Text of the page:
Raman Spectroscopy

The biomolecular detection of life in extreme environments
  • Howell G.M. Edwards
  • Michael D. Hargreaves


The strategic adaptation of extremophiles (organisms which can survive where humans cannot) to survival in hostile terrestrial environments depends critically upon their synthesis of protectant biomolecules in geological niches to combat low wavelength radiation insolation, desiccation, and extremes of temperature and pH.

Each year sees the discovery of novel geological scenarios in which organisms have successfully created a tenacious colonisation in “limits of life” habitats. Terrestrial analogues such as hot and cold deserts, volcanoes and geothermal springs provide models for the extraterrestrial study of the evolution of life in our Solar System – astrobiology. In particular, the current robotic exploration of the surface and subsurface of Mars, our neighbouring planet which has held ancient magical significance for our ancestors and is still shrouded in mysteries, is now indicative of the importance of a range of terrestrial scenarios which can be considered as Mars analogues. The next phase of Martian exploration must address the robotic search for extinct or extant life in the geological record, which is essential for the proposed human missions in the next two decades. A key factor in the armoury of remote analytical instrumentation that is now envisaged for inclusion on extended-range Mars landers and rovers is the identification of the chemical and biochemical protectants that might have been produced by extremophiles for survival in the Martian deserts. The molecular signatures evidenced from the Raman spectra of these key protectants will be fundamental for the detection of biological activity on Mars and the adoption of miniaturised Raman spectrometers for Martian exploration is now being seriously considered by NASA and ESA. In this context, the evaluation of prototype Raman spectroscopic instrumentation for the detection of molecules of relevance to a wide range of terrestrial extremophilic activity is now being addressed and forms the subject of this article. Exemplars from various geological scenarios in the Arctic and Antarctic cold deserts and from relevant hot desert habitats, such as volcanic geothermal springs and salt pan evaporites, will reinforce the tenet of this book – that the molecular studies of extremophilic models will be pivotal in the understanding of the magic and mysteries of evolution of life on Earth and the search for life on Mars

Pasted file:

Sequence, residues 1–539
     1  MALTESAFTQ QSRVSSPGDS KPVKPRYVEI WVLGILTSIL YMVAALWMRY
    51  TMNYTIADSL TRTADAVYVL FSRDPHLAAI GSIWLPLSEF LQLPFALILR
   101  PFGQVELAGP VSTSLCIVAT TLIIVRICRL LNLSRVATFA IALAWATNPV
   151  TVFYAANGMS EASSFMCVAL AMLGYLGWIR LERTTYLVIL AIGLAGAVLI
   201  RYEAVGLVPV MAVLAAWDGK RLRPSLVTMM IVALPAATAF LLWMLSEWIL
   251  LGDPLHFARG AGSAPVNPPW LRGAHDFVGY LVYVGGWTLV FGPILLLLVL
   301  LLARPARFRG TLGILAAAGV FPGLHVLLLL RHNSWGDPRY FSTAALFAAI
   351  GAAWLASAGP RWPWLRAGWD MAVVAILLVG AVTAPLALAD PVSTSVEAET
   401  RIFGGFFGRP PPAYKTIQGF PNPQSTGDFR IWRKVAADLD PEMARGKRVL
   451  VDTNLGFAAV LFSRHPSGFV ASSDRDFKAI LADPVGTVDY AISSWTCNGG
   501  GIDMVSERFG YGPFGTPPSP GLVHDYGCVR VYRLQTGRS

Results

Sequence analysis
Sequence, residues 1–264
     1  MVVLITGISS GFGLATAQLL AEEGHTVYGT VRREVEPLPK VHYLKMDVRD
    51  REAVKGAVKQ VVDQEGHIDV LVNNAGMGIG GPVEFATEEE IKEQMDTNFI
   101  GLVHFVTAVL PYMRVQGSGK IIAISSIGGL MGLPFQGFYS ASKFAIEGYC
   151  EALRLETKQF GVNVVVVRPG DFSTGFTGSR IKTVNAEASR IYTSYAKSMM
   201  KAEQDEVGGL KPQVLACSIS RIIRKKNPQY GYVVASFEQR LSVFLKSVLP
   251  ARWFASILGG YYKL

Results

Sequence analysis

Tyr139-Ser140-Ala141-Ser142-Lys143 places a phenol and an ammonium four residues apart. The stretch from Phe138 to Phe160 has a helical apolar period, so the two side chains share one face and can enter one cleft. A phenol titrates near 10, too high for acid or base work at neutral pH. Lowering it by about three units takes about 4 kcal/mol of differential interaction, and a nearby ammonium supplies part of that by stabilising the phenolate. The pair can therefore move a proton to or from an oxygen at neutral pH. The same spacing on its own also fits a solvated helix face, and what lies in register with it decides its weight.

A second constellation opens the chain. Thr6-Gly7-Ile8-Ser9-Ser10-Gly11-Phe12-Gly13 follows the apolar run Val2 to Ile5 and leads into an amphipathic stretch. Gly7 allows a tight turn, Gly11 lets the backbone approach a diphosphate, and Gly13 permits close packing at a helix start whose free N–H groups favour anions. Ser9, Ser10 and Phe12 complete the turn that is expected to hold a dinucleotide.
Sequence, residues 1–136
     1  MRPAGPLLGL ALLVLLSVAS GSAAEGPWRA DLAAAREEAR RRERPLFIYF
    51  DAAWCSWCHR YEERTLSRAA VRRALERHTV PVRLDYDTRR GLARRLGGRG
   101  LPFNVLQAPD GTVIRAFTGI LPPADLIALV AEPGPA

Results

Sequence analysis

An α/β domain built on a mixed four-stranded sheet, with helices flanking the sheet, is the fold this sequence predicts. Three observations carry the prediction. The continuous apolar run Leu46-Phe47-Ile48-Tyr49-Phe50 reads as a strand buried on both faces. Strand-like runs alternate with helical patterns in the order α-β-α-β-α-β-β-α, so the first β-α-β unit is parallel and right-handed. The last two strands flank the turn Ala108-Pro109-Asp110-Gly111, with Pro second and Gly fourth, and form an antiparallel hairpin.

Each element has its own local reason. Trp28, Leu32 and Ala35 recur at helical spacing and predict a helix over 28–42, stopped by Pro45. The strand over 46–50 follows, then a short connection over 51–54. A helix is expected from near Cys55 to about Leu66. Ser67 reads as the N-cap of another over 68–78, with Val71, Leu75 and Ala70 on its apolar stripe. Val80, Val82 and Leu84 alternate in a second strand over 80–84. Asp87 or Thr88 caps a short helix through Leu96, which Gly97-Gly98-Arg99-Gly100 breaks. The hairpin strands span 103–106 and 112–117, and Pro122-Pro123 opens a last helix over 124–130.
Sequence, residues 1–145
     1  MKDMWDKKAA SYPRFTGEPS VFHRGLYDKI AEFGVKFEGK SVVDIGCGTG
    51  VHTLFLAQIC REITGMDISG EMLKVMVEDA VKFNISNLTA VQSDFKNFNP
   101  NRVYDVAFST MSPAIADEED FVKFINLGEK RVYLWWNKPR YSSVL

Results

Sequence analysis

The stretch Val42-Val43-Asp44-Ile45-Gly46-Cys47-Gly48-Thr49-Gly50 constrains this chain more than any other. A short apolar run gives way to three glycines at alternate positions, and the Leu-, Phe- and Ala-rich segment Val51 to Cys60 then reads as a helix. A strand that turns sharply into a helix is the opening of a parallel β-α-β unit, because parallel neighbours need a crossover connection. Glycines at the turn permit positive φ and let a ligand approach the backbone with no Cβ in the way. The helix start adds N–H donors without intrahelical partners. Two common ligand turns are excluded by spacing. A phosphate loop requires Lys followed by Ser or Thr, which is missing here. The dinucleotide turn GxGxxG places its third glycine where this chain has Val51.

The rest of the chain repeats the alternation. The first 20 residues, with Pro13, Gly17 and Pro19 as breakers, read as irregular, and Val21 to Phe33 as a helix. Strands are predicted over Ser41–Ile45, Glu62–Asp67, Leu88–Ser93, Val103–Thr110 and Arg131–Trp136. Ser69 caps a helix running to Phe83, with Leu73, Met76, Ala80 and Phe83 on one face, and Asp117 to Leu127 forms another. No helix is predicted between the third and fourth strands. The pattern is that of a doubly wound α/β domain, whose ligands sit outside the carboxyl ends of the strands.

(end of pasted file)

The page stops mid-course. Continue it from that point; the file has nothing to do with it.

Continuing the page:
Raman Spectrum RAMAN Spectroscopy Calcium Oxalate Monohydrate Calcium Oxalate Dihydrate Geothermal Spring 
These keywords were added by machine and not by the authors. This process is experimental and the keywords may be updated as the learning algorithm improves.


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Copyright information

© Springer 2008

Authors and Affiliations

  • Howell G.M. Edwards
  • Michael D. Hargreaves

There are no affiliations available

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